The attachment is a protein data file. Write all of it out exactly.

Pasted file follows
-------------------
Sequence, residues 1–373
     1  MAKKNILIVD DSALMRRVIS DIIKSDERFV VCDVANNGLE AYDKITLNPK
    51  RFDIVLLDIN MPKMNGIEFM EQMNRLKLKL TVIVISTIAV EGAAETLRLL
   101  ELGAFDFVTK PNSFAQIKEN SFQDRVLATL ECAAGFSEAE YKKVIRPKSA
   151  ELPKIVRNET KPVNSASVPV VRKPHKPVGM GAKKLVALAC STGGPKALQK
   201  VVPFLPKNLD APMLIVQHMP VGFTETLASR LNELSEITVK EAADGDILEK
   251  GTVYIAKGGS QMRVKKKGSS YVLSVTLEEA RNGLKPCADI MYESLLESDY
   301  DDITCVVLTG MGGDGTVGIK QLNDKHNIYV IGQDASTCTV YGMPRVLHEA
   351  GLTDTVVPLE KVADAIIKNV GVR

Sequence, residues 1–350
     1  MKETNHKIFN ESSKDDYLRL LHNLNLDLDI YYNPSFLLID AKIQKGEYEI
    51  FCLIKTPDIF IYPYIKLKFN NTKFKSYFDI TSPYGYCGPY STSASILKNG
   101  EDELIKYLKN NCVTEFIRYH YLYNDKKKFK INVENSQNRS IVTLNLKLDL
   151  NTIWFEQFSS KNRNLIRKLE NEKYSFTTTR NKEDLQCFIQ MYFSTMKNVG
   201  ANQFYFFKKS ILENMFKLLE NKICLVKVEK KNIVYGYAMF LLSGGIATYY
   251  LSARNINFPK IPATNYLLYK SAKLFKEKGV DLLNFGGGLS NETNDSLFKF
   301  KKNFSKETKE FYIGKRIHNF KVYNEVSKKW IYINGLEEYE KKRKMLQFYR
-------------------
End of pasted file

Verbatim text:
Sequence, residues 1–373
     1  MAKKNILIVD DSALMRRVIS DIIKSDERFV VCDVANNGLE AYDKITLNPK
    51  RFDIVLLDIN MPKMNGIEFM EQMNRLKLKL TVIVISTIAV EGAAETLRLL
   101  ELGAFDFVTK PNSFAQIKEN SFQDRVLATL ECAAGFSEAE YKKVIRPKSA
   151  ELPKIVRNET KPVNSASVPV VRKPHKPVGM GAKKLVALAC STGGPKALQK
   201  VVPFLPKNLD APMLIVQHMP VGFTETLASR LNELSEITVK EAADGDILEK
   251  GTVYIAKGGS QMRVKKKGSS YVLSVTLEEA RNGLKPCADI MYESLLESDY
   301  DDITCVVLTG MGGDGTVGIK QLNDKHNIYV IGQDASTCTV YGMPRVLHEA
   351  GLTDTVVPLE KVADAIIKNV GVR

Sequence, residues 1–350
     1  MKETNHKIFN ESSKDDYLRL LHNLNLDLDI YYNPSFLLID AKIQKGEYEI
    51  FCLIKTPDIF IYPYIKLKFN NTKFKSYFDI TSPYGYCGPY STSASILKNG
   101  EDELIKYLKN NCVTEFIRYH YLYNDKKKFK INVENSQNRS IVTLNLKLDL
   151  NTIWFEQFSS KNRNLIRKLE NEKYSFTTTR NKEDLQCFIQ MYFSTMKNVG
   201  ANQFYFFKKS ILENMFKLLE NKICLVKVEK KNIVYGYAMF LLSGGIATYY
   251  LSARNINFPK IPATNYLLYK SAKLFKEKGV DLLNFGGGLS NETNDSLFKF
   301  KKNFSKETKE FYIGKRIHNF KVYNEVSKKW IYINGLEEYE KKRKMLQFYR